Jill Harris and Thomas Koet have been waiting to hear just one word while they have spent two weeks with their hands in the sand, shoveling and brushing and chiseling the 12-foot sand sculpture for this year's EQT Pittsburgh Three Rivers Regatta.
"When people come here and they say, 'Wow,' that's what we want to hear," Mr. Koet said.
And as the Melbourne, Fla.-based team of Sandsational Sand Sculpting puts the final details on the 12-foot sculpture today, the end product -- titled "America's Pioneering Spirit" -- has wowed even the seasoned artists.
"You're so focused when you're working on your one little area," Ms. Harris said. "We stand back and look and we say, 'Wow, it's great.'"
As she sculpted the last rocks on the base of the piece, Ms. Harris walked past the figures of Lewis and Clark, along with their guide Sacagawea and even their dog Seaman. Mr. Koet paused from his work and pointed to the boat arriving on shore on one side of the sculpture and a covered wagon on the other.
"You stand in front of it and really soak in the whole spirit of the idea that we've got, everybody moving west, setting foot ashore, homesteading, exploring new lands," Mr. Koet said.
The theme began as a secret, just a 160-ton pile of sand in the middle of Point State Park and a bunch of shovels. As the sculptors worked, the figures of fur traders and tall pine trees emerged just in time for this week's regatta and the Fourth of July.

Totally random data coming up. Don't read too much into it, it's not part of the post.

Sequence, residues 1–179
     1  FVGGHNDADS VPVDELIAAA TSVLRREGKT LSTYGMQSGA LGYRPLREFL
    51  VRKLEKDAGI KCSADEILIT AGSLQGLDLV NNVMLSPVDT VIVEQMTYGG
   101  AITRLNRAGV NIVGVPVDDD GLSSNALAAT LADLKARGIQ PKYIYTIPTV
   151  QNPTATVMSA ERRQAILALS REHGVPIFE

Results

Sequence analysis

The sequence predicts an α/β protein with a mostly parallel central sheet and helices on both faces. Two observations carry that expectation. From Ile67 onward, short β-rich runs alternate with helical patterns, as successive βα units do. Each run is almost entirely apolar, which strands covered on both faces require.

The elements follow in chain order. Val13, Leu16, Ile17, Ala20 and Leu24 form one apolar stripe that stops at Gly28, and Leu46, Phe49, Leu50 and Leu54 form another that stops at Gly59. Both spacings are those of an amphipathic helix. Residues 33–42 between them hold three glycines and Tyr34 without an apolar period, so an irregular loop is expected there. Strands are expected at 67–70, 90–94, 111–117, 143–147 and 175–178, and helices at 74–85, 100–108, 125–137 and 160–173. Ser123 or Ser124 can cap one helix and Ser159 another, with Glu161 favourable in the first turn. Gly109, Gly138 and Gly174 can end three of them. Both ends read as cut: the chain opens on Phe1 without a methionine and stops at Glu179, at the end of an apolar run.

"People love it," Mr. Koet said. "We've heard many people that like the ships. We've heard the log cabin, the covered wagons, everybody's got their own favorite part about it."
The regatta opens Tuesday and will run for three days, closing July 4. In addition to the sand sculpture, there will be two fireworks displays.
To accommodate regatta events, Commonwealth Place will be closed from 4 to 11 p.m. Wednesday and from noon until midnight July 4. Boats will not be allowed to dock, moor or anchor in certain areas designated by the U.S. Coast Guard.
For pedestrians in the park, the sand sculpture will be a unique exhibit. The team never reproduces its work, so this piece is the first and last time they will create "America's Pioneering Spirit."
"It's always a different shape, a different theme, a different way we tackle it," Ms. Harris said.
This story originally appeared in The Pittsburgh Press. To subscribe: http://press.post-gazette.com/ Megan Doyle; firstname.lastname@example.org or 412-263-1953. This version corrects the name of Lewis and Clark's dog.